When the browser begins to handle such tasks as hardware and process management, it no longer is considered only a browser. It is an operating system running a single application, a web browser. The idea of the web operating system in it’s most real sense would be a WAN connected server taking over some tasks that our operating systems are handling locally now. Forgive me for feeling like this is taking a step back. I believe the ideal future will be very capable hardware on the client working in a more networked-by-design, distributed sense. There are certain tasks that I believe should not involve network latency etc. We already are dealing with applications being slow and ultimately using a great deal of resources. The only difference will be taking the latency from the local bus of the PC and transferring it to the network. That doesn’t fix anything, or move us ahead technologically. What happens is that someone gets to monetize everything about our communications, even more then is happening now. I believe there are applications that are better left handling things locally. Not to mention with most “free” web applications there is someone monetizing your personal data without you being aware. Even if you do not store your data on their servers, your keystrokes and network communications etc are mined, without your permission in most cases. I know the the 5 page license mentioned that they will be mining your data and communications “to better serve the customers needs”, but most users would not agree to half of the license agreements that they unknowingly agree to by clicking through windows to get to their work. You know how it is, check here, click here to start using etc.
Please people think about the ramifications. There is a reason we moved from mainframe type computing to local processing and storage. I like the idea of all homes running their own servers with their data and such. Now the business model changes but there are still ways of taking the complexity away from the common users. With so much added complexity with servers and the like being at user’s homes, there would be a need for subscription support services and the like. Which could be handled remotely, not adding distraction or inconvenience to the customer’s experience.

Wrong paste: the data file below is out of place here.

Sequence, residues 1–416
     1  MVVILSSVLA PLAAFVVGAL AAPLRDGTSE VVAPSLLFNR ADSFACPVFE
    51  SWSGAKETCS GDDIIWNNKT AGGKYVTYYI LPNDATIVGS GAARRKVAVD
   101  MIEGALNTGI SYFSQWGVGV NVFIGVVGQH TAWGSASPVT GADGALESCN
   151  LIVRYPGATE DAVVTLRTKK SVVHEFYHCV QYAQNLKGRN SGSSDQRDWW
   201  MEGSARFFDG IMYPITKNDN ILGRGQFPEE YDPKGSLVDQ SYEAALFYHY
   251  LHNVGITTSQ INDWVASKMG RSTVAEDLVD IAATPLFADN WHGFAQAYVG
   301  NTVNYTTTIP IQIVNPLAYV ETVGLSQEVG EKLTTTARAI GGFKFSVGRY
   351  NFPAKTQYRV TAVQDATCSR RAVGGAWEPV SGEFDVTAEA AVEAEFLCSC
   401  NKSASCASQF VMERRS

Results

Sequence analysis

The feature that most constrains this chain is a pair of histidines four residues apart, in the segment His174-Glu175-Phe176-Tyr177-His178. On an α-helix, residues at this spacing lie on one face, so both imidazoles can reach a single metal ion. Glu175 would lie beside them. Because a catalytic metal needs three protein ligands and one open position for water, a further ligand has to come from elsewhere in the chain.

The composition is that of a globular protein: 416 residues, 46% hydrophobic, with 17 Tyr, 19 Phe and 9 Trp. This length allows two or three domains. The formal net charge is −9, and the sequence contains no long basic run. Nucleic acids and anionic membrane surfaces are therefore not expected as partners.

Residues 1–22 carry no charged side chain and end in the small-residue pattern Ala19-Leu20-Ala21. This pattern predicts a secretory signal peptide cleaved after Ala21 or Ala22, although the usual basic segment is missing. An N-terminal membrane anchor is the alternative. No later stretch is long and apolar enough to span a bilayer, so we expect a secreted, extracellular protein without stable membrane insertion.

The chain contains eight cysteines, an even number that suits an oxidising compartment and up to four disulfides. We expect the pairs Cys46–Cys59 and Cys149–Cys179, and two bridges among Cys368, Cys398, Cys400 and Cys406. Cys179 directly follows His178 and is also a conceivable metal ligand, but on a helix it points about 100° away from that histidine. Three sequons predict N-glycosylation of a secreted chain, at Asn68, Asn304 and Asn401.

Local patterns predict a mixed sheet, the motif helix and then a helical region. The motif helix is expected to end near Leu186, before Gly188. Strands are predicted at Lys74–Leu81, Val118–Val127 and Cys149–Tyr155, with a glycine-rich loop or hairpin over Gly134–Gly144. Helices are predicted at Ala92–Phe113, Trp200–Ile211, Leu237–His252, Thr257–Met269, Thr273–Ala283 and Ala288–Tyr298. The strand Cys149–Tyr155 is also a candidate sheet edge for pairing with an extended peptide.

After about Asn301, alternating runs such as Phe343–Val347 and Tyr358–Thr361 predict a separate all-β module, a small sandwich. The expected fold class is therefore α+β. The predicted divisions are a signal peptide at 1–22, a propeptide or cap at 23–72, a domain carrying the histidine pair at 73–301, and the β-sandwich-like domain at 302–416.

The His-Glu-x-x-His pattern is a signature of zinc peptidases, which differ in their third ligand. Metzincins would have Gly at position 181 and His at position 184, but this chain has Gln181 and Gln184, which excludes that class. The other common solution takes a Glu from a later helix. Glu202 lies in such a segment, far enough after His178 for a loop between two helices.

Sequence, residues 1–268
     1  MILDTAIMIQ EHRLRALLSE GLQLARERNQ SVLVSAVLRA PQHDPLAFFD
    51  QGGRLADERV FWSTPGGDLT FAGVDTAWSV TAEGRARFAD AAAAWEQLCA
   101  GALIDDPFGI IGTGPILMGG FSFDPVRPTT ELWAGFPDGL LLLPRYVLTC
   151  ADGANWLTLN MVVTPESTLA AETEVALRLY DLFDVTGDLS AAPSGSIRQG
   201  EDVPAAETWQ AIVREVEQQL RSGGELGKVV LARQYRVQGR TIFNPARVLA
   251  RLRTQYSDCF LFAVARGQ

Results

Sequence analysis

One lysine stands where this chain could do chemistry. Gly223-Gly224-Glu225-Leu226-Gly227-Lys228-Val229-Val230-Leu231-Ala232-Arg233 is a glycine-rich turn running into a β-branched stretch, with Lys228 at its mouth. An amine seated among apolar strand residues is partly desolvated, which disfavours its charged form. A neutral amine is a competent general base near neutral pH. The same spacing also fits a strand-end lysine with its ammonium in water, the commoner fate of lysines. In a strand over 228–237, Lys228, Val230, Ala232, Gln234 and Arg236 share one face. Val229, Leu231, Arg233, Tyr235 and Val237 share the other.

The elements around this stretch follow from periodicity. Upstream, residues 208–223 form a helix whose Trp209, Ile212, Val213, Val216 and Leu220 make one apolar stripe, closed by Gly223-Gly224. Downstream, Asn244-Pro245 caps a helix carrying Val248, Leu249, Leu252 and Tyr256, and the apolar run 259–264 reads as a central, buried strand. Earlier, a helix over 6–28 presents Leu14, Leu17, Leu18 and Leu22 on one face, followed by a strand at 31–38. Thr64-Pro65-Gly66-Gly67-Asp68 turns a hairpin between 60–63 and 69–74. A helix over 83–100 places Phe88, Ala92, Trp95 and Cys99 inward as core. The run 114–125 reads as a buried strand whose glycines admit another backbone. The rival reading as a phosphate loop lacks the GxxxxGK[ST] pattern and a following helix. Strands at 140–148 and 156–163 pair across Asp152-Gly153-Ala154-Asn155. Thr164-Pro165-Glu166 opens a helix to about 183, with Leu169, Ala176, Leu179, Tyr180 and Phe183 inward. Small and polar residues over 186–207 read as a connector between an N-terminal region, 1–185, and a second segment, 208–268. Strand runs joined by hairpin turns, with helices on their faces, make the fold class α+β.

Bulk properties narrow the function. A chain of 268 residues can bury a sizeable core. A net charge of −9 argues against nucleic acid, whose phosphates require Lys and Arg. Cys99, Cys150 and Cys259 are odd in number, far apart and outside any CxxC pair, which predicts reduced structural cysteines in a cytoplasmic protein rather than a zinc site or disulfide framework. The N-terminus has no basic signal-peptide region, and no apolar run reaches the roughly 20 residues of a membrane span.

Linux would be a perfect fit for such a scenario.
While I am on the subject of web operating systems. The fact that Google takes advantage of the fact that users must pay for Windows or other proprietary operating systems makers but can use ChromeOS for free is a bit disingenuous. You are paying for it just not when you buy your PC or when you buy the CD from Best Buy. If things go the way Google likes you no longer need Windows Mac or anything else. Just a dumb terminal connected to Google’s non-evil monopoly. They want to give you your phone, your OS, your office applications, your email application, your navigation/GPS device application. Is there anything I’m leaving out. Think about the power that comes from that level of integration. Everything about you, where you are at any given time, all your personal information, your communications, likes, dislikes, secrets etc, stored on Google’s servers. Welcome to cloud computing.
This may be old news to some but we need to as a society wonder if we really want to put all this power in the hands of greedy corps looking to sell their mother if they could.
The conversation involving Zuckerburg of Facebook while coding and releasing Facebook while at Harvard is telling of how humans deal with great power. Even if he was joking, the very thought that he may have used any of the information he attained against or for his own greedy appetite should answer the question for us all whether the future of the web will be all the world’s citizens info stored on a few filthy rich corporate greed mongers servers is the answer to what some are calling “the open web”. I know the open web term usually refers to the interoperability between technology but to me these terms are used interchangeably all the time. See Zuckerburg’s IM conversation for yourself (well a piece of it).
“BP, the very company responsible for the oil spill that is already the worst in U.S. history, has purchased several phrases on search engines such as Google and Yahoo so that the first result that shows up directs information seekers to the company’s official website.”